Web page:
It was at the Edinburgh Fringe just over a decade ago that Flight of the Conchords began to take off. Having already performed in Edinburgh a few years earlier with Waititi, Clement had a feeling their shared brand of self-deprecating Kiwi humour would go down better internationally than it did at home. “I remember selling Bret on this idea that people were much more interested in comedy there, which turned out to be absolutely true.”
Though the Conchords started small, gradually building word-of-mouth among other comedians on their first visit to Edinburgh in 2002, the following year was a different story: their sold-out show was nominated for a Perrier Award and started attracting interest from production companies, leading to a BBC radio show that set the template for the HBO series in 2007.
Did the TV show immediately change things? “Yes. Suddenly it had become a career.” The thing about the Conchords, he adds, is that he and Bret would perform only every couple of weeks; there was just one comedy night in Wellington so that’s the most they could play in public. “It went from that thing that we did once a fortnight to a couple of years where we were doing it every day.”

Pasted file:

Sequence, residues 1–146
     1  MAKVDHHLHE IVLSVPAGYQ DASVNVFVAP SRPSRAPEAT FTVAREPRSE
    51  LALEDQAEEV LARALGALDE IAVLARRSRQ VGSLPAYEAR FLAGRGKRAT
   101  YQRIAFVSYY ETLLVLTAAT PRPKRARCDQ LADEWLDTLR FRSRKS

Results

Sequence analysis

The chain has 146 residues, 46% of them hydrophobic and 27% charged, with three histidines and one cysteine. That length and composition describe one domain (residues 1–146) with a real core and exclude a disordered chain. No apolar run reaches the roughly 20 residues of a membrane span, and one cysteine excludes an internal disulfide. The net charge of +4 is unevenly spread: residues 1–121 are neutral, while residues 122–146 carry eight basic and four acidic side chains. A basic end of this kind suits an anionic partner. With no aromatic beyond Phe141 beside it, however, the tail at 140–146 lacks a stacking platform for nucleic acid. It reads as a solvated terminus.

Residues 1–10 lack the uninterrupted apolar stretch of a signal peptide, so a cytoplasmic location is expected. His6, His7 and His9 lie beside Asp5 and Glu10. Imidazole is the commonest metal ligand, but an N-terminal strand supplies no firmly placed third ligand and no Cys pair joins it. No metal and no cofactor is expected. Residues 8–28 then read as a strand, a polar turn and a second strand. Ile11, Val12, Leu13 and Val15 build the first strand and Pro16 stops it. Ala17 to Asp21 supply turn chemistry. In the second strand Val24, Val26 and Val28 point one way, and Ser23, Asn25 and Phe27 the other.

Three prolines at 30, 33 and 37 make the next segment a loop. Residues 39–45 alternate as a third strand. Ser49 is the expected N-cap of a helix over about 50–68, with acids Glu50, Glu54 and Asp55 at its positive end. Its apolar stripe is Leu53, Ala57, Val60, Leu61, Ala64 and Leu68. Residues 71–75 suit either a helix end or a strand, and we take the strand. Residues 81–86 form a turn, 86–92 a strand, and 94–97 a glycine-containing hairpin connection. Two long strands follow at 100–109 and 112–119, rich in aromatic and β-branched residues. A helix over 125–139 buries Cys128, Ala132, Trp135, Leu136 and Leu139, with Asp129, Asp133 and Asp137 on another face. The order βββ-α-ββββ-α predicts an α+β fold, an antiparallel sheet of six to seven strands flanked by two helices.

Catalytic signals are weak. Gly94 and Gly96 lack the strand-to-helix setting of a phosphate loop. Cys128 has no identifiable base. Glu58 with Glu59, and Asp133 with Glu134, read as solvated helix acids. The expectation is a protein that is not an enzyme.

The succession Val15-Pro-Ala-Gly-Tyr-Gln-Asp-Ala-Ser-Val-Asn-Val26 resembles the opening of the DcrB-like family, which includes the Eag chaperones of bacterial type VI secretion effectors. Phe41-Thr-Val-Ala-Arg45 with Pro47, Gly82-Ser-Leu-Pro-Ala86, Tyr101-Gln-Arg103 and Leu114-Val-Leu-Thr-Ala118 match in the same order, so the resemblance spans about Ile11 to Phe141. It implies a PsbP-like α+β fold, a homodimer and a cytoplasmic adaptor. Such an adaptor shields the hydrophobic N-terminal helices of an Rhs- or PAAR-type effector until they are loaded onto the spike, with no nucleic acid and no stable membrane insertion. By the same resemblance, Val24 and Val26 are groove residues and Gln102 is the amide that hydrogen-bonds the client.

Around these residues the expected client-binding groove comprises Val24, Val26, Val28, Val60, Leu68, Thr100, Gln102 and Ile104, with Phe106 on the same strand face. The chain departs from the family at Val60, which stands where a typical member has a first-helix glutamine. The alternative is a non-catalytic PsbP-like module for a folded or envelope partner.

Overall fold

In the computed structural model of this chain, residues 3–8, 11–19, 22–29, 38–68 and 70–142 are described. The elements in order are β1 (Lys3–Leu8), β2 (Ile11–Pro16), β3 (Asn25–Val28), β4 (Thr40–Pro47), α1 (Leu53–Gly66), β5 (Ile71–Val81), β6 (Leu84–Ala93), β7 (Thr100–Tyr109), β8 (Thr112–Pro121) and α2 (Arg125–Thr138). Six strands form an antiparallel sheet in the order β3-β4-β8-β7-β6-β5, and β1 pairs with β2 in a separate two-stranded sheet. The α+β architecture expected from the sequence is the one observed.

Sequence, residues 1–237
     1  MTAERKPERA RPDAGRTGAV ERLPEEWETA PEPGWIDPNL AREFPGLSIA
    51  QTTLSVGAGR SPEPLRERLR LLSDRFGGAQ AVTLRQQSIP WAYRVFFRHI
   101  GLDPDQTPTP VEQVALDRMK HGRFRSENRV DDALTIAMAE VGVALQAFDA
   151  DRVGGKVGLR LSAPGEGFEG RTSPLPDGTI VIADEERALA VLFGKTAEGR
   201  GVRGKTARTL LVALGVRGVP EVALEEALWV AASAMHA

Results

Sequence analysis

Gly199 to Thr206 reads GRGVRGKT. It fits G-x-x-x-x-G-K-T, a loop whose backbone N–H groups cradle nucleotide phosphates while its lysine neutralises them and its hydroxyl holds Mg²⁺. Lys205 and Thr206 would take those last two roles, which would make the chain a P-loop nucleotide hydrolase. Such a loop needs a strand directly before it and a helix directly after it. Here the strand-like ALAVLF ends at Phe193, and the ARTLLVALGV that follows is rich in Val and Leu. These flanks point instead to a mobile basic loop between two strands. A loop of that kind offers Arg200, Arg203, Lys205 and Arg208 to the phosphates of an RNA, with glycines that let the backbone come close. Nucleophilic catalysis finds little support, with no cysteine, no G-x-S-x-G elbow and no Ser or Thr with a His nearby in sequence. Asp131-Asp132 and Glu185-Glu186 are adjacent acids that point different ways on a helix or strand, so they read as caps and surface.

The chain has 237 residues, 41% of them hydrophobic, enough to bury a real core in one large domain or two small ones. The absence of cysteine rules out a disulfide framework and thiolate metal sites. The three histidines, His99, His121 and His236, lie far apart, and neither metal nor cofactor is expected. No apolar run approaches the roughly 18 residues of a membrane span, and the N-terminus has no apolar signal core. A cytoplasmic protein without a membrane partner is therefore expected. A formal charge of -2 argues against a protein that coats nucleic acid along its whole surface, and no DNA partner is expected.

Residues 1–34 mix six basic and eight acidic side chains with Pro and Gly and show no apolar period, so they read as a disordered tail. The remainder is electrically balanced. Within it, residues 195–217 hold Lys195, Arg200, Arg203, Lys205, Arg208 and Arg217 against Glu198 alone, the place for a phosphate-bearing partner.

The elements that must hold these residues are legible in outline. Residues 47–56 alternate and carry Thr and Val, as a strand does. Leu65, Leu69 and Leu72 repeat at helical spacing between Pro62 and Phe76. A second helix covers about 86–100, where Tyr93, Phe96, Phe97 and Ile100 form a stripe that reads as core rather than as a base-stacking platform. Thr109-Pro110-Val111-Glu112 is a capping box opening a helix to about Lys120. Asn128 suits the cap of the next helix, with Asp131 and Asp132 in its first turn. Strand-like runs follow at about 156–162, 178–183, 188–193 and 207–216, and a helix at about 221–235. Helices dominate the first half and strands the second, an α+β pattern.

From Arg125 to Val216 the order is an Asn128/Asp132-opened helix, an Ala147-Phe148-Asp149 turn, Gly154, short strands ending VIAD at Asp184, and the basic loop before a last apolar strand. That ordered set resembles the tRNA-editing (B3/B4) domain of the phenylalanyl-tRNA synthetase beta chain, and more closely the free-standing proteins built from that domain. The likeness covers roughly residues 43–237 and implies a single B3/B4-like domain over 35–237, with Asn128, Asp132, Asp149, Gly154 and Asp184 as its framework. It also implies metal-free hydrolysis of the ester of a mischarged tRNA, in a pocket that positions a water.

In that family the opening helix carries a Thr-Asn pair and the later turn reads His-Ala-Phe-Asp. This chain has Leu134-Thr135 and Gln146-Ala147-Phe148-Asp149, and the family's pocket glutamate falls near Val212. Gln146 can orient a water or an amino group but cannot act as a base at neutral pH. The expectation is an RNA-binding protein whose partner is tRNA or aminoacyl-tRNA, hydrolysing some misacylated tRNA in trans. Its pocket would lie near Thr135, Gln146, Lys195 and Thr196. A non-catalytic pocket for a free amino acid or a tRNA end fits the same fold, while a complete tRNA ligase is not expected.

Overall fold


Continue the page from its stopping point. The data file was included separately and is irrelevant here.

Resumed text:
They called time on the show after the second series, an announcement that continues to frustrate fans, but which follows the classic leave-them-wanting-more Brit model of Fawlty Towers, Spaced and The Office – although the decision was, he says, mostly down to the creative toll it was taking. “It was just too much to do. I can’t think of anyone else who has done so much in terms of recording so much music, writing a TV show and acting in it. Even The Monkees had people that would write their songs and scripts.”
Clement and Mackenzie have occasionally toured together since finishing the show and, mock Oscar envy aside, it was a dream come true for Clement to finally become part of the Muppet universe himself with a cameo in this year’s Muppets Most Wanted.
I tell him that director James Bobin once told me he thought Flight of the Conchords were like a grown-up versions of The Muppets. “People have often commented that our music reminded them of The Muppets,” he says, “and often we’d tell them, ‘That’s not what we were going for. We were trying to sound like Stevie Wonder.’”
• What We Do in the Shadows is in cinemas now.